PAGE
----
Indigenous scientists exchange knowledge at local workshop

Understanding water quality and fish health data is critical to protecting and managing treaty resources such as salmon. A group of Indigenous students who participated in an IndigiData workshop hosted on Lummi Nation’s reservation lands this summer learned how Lummi and researchers at Northwest Indian College employ that type of data.

The workshop included lectures and activities about fisheries science, field research methods such as eDNA (e for environmental), lab techniques such as metabarcoding, data visualization and the challenges of climate change.

Lummi fisheries staff offered workshop sessions and Indigenous scholars from the Port Gamble S’Klallam, Hupa, kanaka and Shinnecock tribes, as well as from bands of Chippewa, Diné, and Ojibwe ancestry also took turns presenting on various topics, learning from one another.

The IndigiData workshop group toured Lummi’s aquaculture and fish hatcheries, as well as research facilities at Northwest Indian College. At a Northwest Indian College lab, the students examined the various types of machinery that lab manager Rosa Hunter, of Jamestown S’Klallam and Nooksack, uses to study microscopic organisms that can affect fish and shellfish that are important traditional foods.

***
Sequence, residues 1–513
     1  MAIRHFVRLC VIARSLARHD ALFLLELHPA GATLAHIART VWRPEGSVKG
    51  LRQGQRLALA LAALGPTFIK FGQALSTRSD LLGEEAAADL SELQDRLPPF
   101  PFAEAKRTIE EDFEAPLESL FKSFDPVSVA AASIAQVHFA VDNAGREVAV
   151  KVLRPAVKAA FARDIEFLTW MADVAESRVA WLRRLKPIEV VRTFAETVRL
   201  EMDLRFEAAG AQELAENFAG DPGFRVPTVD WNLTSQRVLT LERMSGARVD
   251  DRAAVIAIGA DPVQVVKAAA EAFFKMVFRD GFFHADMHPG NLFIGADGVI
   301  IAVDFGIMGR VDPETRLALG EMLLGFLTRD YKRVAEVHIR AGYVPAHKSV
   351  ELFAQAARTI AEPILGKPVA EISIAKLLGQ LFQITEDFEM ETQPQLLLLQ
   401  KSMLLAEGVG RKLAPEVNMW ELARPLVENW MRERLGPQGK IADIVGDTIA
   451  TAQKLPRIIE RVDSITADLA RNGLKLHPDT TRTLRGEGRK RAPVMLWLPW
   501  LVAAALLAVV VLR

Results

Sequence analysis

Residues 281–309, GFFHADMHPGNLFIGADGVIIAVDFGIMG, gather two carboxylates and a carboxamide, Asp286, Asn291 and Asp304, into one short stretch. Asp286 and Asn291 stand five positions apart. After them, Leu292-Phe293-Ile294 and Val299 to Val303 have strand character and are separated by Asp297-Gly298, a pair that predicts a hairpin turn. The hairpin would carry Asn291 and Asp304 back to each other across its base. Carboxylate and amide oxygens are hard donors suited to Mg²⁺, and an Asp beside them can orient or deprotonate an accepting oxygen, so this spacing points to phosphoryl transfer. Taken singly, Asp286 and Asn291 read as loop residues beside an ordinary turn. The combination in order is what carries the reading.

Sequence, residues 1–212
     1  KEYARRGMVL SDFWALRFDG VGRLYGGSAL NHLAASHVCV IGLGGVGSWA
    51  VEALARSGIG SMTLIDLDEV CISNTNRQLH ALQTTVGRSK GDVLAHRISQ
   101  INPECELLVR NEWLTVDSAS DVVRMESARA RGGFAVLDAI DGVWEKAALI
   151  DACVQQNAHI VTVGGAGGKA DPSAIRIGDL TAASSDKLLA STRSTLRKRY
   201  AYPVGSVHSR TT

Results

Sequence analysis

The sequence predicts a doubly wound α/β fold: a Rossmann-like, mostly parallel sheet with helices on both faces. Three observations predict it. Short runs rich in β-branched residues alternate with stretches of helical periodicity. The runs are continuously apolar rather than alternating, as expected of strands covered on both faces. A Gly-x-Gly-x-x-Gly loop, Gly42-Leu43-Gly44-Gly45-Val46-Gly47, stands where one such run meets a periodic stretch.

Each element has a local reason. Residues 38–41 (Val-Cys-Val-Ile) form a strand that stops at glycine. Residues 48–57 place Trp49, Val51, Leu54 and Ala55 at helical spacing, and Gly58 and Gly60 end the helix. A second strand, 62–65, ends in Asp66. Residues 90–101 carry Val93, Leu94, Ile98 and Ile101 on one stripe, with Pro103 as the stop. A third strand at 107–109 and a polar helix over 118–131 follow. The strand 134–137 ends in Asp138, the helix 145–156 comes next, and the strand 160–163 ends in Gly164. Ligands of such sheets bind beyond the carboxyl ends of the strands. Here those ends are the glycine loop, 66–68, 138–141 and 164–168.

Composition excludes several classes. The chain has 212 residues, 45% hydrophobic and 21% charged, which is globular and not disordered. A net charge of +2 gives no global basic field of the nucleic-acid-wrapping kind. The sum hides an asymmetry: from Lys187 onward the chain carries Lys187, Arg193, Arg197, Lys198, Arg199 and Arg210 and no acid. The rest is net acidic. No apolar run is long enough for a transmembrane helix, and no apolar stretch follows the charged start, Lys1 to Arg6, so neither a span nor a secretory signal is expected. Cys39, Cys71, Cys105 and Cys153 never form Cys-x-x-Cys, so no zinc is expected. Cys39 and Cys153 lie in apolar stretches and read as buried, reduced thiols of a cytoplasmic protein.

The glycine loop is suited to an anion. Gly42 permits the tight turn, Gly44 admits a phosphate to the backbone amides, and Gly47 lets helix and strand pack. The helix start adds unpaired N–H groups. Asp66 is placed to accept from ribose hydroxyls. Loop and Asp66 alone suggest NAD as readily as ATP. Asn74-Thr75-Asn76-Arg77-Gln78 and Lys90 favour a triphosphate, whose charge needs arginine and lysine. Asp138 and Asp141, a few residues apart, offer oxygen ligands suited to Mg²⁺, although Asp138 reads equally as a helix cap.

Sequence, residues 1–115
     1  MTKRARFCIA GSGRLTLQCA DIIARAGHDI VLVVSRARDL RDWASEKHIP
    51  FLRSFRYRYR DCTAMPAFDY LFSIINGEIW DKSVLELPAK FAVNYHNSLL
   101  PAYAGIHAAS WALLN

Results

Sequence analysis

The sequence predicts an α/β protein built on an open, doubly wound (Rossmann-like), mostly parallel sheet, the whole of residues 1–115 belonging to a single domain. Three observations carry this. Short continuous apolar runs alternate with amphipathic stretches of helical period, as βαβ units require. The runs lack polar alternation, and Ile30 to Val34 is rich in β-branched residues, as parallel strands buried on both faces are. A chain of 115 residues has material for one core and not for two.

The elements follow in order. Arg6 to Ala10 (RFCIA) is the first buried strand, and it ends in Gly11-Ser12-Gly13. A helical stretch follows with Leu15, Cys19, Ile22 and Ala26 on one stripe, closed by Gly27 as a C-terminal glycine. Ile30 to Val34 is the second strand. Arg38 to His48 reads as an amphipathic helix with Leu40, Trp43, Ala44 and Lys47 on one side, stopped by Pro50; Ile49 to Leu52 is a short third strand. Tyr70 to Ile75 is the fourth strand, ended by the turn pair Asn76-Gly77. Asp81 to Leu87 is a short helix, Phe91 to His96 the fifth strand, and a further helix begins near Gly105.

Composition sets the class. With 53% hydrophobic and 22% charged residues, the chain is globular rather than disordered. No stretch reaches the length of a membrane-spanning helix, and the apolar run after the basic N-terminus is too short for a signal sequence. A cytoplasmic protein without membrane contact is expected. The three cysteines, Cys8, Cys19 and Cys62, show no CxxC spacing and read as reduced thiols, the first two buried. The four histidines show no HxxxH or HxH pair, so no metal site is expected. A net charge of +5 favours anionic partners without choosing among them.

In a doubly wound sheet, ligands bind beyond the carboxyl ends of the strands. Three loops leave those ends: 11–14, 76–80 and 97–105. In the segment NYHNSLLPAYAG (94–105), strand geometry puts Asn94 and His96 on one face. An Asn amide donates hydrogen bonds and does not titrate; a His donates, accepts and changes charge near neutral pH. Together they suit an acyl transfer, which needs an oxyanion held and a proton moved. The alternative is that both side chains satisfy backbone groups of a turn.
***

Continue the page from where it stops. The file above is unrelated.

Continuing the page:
Talon Arbuckle, of the Tulalip Tribes, describes during an IndigiData workshop in August his experience as a Northwest Indian College graduate.

IndigiData is an educational workshop program organized through the nonprofit Native BioData Consortium, a research institute led by Indigenous scientists in the United States.

Workshop participant Talon Arbuckle, of the Tulalip Tribes, said the programs combine “the tools of Western science and the world views of Indigenous people.”

The goals of IndigiData include to train the next generation of Indigenous science leaders, promote data sovereignty, and create an inclusive network of Indigenous scholars who will support their tribal nations.

Arbuckle, a graduate of Northwest Indian College now pursuing a PhD out of state, said he intends to return home and invest his expertise back into Northwest tribal communities after completing his doctorate degree.

This is the third summer that IndigiData workshops have taken place. The first, in 2021, was held remotely. In 2022, a workshop was held in South Dakota near Standing Rock. This year, workshops were hosted by Lummi and by the Shakopee Mdewakanton Sioux Nation in Minnesota.

The IndigiData workshop hosted by Lummi was supported by funding from the National Science Foundation’s Division of Molecular and Cellular Bioscience and the U.S. Department of Health and Human Services; Ohio State University, Arizona State University, University of Minnesota and the University of Alaska Fairbanks’ Geophysical Institute; and the Amgen Foundation, the Henry Luce Foundation, the Patrick McGovern Foundation and Variant Bio.

Above: Rosa Hunter, a lab manager at the Northwest Indian College, describes for IndigiData students how she studies tiny organisms in the water that can affect traditional foods including salmon and clams. Photos and story: Kimberly Cauvel